There were lots of expectations about what might happen when Seneca played Cassville for the second week in a row—this time in the first round of the post-season playoffs.
Would the Indians fare better or worst playing the Comets at home last Friday after defeating them on the road the Friday before in a non-conference football game? While there might have been a variety of predictions as to what was going to happen in the rematch, it’s probably safe to say no one expected what actually happened.
“We came out flat, which isn’t what you want to do in a playoff game,” Seneca football coach Steve Kramer said after his team posted a 14-0 win over the Comets.
The Indians did score touchdowns on their first two possessions on short runs by their powerful running back John Alanis. That probably didn’t surprise too many folks from either team. The surprise was the Indians would not score again. When Alanis flipped the ball to the official after he scored the second TD of the first quarter, the score was 14-0 and that’s how it ended.
Kramer credited Alanis’ running with putting together those first two-touchdown drives. The coach pointed out Alanis was able to get 10 and 12 yards per carry despite the inadequate blocking he got from the offensive line in the first two drives.
While Cassville mounted several solid drives in the game, they never scored just like the previous week’s game.
Well, injuries happened for the Indians. One of them included a frightening broken leg sustained by running back Jordan Boone, as he caught his second pass of the night early in the second quarter.
Boone caught a short pass in the second quarter much like the one he caught in the first quarter that set up Alanis’ second touchdown. It was third and long, when quarterback Trenton Payne found Boone over the middle and he took over for the first down.
Alanis had left the game with a sprained ankle on the play before Boone was hurt. He re-entered the game in the next series of downs.
Boone was brought down as he made the first down in what appeared to be a rather routine tackle by Comet defensive back Nate Baliff. However, he didn’t get up.
In obvious extreme pain, he was attended to by an athletic trainer from Gundersen Lutheran, as his coach knelt next to him. As the trainer continued to work on Boone, his mother came onto the field and talked with him.
Then, some Seneca First Responders got on the field. Shortly, the Ocooch Mountain Rescue ambulance, which had been standing by behind the other end zone in the parking lot, was on the field.
With help from the trainer, EMTs and an official, Boone was gently placed on a stretcher and put into the ambulance. There was applause from all quarters as the ambulance door closed and the vehicle left the field.
Boone broke the fibula in his right leg, Kramer explained later.
Play resumed and the Indians appeared poised to score the next touchdown of the game, but turned the ball over on downs as Seneca receivers dropped the ball several times, including on a fourth down play at the back of the end zone where both Troy Trautsch and Ryan Hartley appeared to have a chance of catching the ball.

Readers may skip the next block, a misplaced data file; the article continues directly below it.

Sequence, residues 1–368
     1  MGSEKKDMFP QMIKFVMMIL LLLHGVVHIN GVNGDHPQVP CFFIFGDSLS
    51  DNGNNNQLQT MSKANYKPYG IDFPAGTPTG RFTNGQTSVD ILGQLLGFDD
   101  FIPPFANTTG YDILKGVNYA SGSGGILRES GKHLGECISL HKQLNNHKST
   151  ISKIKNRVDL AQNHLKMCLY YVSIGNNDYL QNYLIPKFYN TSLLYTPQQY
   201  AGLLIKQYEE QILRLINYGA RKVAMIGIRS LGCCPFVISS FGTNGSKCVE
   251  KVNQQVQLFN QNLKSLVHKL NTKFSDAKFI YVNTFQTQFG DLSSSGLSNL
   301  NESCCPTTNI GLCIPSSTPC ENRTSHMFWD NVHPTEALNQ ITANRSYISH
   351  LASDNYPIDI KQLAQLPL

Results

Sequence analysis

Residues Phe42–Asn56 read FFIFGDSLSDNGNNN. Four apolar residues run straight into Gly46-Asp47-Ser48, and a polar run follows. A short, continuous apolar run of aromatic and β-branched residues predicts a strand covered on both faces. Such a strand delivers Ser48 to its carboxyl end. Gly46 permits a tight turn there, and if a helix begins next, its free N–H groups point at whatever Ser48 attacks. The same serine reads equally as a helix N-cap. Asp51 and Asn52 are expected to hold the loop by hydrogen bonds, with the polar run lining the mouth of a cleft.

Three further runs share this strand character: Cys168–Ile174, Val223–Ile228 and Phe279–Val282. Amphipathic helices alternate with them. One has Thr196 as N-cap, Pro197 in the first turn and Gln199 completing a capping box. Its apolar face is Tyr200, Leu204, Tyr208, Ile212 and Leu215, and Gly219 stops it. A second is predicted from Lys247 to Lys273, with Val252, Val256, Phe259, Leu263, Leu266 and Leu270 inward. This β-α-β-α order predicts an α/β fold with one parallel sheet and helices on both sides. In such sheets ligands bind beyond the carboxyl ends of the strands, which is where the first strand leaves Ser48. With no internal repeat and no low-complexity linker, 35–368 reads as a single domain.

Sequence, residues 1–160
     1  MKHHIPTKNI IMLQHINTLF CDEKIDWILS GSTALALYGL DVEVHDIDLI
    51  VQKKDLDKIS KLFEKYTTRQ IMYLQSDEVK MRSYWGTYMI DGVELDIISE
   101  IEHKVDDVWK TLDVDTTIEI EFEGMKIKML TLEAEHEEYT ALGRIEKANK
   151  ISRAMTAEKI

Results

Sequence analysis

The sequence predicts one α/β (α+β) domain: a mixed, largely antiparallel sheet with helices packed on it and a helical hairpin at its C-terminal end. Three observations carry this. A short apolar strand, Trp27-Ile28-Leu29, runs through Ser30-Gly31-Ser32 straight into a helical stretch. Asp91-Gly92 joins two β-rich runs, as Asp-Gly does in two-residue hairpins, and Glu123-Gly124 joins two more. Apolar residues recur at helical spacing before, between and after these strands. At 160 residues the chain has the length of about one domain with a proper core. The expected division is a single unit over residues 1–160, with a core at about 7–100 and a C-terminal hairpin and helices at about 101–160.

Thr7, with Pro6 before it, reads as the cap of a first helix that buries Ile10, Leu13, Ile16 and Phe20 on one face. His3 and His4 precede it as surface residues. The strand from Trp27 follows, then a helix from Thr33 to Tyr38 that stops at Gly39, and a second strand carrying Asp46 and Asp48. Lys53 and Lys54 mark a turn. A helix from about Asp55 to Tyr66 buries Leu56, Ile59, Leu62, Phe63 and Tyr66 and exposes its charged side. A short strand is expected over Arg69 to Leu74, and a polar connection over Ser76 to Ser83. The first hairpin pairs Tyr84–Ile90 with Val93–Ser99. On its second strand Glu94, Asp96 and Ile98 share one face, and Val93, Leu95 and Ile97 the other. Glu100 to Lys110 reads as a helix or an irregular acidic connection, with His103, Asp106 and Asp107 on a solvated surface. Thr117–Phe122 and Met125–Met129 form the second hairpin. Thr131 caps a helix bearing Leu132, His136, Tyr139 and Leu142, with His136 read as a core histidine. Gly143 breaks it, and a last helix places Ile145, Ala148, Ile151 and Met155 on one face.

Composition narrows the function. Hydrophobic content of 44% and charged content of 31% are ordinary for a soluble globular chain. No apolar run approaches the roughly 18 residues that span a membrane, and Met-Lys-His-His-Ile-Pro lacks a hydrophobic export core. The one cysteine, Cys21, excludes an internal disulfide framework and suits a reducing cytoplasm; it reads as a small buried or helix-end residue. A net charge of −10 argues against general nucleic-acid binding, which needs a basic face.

After suffering the sprained ankle, Alanis did not seem up to his usual running production and ended the game with 107 yards on 32 carries, a 3.3-yard average per carry. Those solid numbers are well below the senior running back’s normal stellar performance this season.
What happened to the Comets’ offense?
Cassville struggled at times with miscues, including fumbles and some key penalties, but the main thing that happened to the Comet offense was a fired-up Seneca defense. Again and again, the Indian defense stopped Cassville in the second half.
“Our defense won those games for us,” Kramer said. “The defense allowed no points in two games against Cassville.”
Kramer feels the defense is “carrying the team” this season. He praised defensive lineman Jared Grimsled, who he said has become a dominant force in the defense in the last three games.
How bad was it for the Comets?
Well, the 27 yards Jordan Boone got on his first two receptions early in the game exceeded the total passing yardage for Cassville for the game—21 yards.
Seneca quarterback Trenton Payne was 7-17 for 139 yards.
“Trenton Payne threw the ball really well,” Kramer said.
Next up for the Indians in the post-season are the Hillsboro Tigers. Seneca will travel to Hillsboro Saturday for a 2 p.m. game.
Down by ten, Hillsboro pulled off a come-from behind 34-32 over the Potosi Chieftains last week. The Tigers scored two unanswered touchdowns in the fourth quarter to snatch the win. The Tigers like the Indians have an 8-2 overall record.
Kramer acknowledged Hillsboro will be a tough opponent. The Tigers have a “really good program” and are “always at the top of their conference,” according to the Seneca coach.
“Their heart and perseverance won the game for them last week,” Kramer said of the Tigers. “We’re going to need to play up to their level to beat them.”